plied in that childlike simplicity: "If I could
see the lines in one hand I could foretell a
pleasant drive."
The Peewee Protective Association.
An organization has been formed iu the
state, with headquarters in Minneapolis, for
the protection of minor poets and aspiring
authors against destructive criticism. This
organization is known as the Peewee Pro
tective Association. Each member promises
to defend any other member in public or in
private against attack. No attempt will be
made to care for the interests of the larger
pcets, as they are able to take care of them
selves; but nobody can kick a "Peewee"
without hearing from the association. The
author of "Freckles and Tan" is the first
president of the association, while the tal
ented authors of "The Bandit Mouse" and
"The Pirate Frog" are vice-presidents. Lar
ry Ho Is secretary of the association. All
moneys will be paid In to the Nonpareil Man
as treasurer. Lyman W. Denton and all
writers for "Progress," and all the chartor
members of the Authors' club, constitute the
first board of control. The first passwordiis,
"Are you a Peewee?"
Any attempt to kill off a Peewee by vicious
criticism will tie opposed by the society.
Give the Peewee a chance to show what ho
can do? Now and then a Peewee has come
to the front and rung the bell. That ha
ought to be given full swing to show what he
can do before beiag killed is the belief of tho
new association.
An early hymn-writer has sung:
Teach me another's faults to scan.
To hide the good I see.
To be sure, some of the faults of the Peo
wees In tho poetry line may not scan, but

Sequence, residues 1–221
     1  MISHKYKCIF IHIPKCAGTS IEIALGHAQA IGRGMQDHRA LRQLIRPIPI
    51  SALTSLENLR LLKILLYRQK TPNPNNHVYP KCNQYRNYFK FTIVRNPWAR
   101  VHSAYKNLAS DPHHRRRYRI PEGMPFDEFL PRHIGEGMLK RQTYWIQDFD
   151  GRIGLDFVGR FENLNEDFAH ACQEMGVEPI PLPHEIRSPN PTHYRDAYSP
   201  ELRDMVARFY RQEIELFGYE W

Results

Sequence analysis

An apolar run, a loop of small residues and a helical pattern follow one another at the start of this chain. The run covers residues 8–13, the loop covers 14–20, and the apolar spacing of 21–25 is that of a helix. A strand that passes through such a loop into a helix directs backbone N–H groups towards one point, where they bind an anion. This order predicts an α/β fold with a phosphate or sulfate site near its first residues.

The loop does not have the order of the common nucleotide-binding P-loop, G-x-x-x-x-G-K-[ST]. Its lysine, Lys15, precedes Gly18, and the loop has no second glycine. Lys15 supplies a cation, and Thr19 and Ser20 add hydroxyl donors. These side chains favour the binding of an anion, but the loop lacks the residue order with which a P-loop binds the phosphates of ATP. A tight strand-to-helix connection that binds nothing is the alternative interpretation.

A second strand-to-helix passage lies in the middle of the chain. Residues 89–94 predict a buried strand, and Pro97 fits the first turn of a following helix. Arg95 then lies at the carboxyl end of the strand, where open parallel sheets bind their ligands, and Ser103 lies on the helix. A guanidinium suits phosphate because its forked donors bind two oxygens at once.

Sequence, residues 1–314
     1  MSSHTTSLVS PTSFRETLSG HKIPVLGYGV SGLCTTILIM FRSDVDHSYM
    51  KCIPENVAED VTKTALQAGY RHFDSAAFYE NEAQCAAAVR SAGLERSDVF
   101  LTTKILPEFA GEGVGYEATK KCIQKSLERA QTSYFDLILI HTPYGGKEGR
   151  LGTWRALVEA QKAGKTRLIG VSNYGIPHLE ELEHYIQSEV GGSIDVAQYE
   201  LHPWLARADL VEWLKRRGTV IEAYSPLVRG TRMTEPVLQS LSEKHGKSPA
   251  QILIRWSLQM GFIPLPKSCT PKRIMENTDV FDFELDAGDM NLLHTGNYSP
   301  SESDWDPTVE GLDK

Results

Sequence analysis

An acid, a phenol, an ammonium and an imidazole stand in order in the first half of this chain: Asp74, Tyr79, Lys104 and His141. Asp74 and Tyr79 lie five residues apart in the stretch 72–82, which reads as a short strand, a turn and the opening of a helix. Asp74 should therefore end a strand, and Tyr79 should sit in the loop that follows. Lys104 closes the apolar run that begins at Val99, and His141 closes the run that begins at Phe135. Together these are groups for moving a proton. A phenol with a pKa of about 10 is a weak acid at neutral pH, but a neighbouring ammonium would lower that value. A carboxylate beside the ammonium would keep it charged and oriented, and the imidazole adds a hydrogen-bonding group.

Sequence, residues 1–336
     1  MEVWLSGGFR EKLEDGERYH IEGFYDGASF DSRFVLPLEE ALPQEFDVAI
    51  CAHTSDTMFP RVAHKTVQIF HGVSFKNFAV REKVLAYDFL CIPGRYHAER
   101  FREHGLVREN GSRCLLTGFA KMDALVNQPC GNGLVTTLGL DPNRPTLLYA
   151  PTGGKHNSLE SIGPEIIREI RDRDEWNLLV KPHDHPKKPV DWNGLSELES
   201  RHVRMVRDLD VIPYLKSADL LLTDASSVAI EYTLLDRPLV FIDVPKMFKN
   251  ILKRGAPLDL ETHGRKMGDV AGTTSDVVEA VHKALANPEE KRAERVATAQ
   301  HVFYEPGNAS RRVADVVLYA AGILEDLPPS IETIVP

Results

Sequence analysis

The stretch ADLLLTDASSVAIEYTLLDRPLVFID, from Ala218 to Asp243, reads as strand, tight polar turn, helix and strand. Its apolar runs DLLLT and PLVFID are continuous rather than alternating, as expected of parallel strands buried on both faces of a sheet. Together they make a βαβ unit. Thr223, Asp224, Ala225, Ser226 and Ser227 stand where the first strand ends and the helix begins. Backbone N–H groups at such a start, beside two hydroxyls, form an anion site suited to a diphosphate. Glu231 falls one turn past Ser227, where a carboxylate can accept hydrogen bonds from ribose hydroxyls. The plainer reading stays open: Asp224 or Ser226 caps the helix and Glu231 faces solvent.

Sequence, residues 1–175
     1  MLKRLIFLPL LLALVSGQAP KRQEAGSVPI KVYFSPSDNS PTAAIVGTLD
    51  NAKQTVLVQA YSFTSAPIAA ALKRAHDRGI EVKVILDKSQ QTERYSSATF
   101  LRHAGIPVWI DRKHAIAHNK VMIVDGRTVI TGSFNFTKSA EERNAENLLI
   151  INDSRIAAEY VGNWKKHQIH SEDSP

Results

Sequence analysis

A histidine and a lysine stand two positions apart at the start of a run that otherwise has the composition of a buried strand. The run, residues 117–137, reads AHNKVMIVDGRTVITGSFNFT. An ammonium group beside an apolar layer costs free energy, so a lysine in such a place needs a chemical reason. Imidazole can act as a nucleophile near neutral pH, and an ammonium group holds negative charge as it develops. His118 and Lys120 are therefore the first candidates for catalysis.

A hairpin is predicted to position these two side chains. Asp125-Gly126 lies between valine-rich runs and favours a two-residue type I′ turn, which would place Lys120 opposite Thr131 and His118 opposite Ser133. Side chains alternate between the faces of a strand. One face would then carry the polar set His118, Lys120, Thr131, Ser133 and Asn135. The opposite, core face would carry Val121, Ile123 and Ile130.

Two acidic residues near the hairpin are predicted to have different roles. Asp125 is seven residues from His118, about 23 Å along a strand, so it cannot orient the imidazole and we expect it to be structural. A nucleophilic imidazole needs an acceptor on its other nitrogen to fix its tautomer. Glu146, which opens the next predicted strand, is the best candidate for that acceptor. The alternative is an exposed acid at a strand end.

we should be patient. Ella Wheeler Wilcox
writing of the Peewees, says:
Let me not hurt, by any selfish deed
Or thoughtless word, the heart of foe or
friend;
Nor would I pass, unseeing, worthy need,
Or sin by silence where I should defend
Ella is right:
Should the aspiring peewee with a "pome"
Be booted by a careless friend or foe?
Or should he 'be on the perspiring dome
Of thought struck by the fatal ax? Ah.no.
However meager his poetic gift,
Although to mortal sense it may not scan;
Although his lute may have a serious rift,
The peewee still remains a brother man.
—<A. J. Russell.
Taxation of Church Property-.
To the Editor of The Journal:
In your issue of Nov. 18, 1901, Mr. Porter
Martin makes the statement that all of the
property of Trinity Corporation, New York,
Is exempt from taxation. This needs to be
corrected, and I quote from a report of Trin
ity church (contained in the "Centennial His
tory of the Diocese of New York," page 212):
"The annual taxes amounted last year (1884)
to about $63,000. And here It Is to be noted
that the church property is not, as some sup
pose, exempt from taxation; on the contrary,
taxes are paid on every square inch of ground
used for eeeular purposes, and on every
building excepting the churches, school
houses. Infirmary and burial grounds."
I cannot speak for every part of the coun
try, but in places where I have lived only the
property where the church stood, or a house
actually occupied as a rectory, was exempt
from taxation. As an instance, I had charge
of a church in New Jersey which was situated
on one end of a large plot of ground; the lots
where the church stood were exempt, but on
the rest of the land, unoccupied, comprising
three or four lots, the church had to pay
taxes. — David Henry Clarkson.
I Jamestown, X. £>„ Nov. 19.
-
Copyright, 13u1, by A. 8. Richardson.
Widow Jason was the relict of Farmer Ja
son, and she carried on the farm after his
death with even more wisdom than he had
shown himself possessed of. She was still
on the 'brighter side of forty, fair to look
upon and waa at peace with all her neighbors
until the one to the east of her sold u'.j
a stranger moved in.
He was a man of middle age, named Cbi.s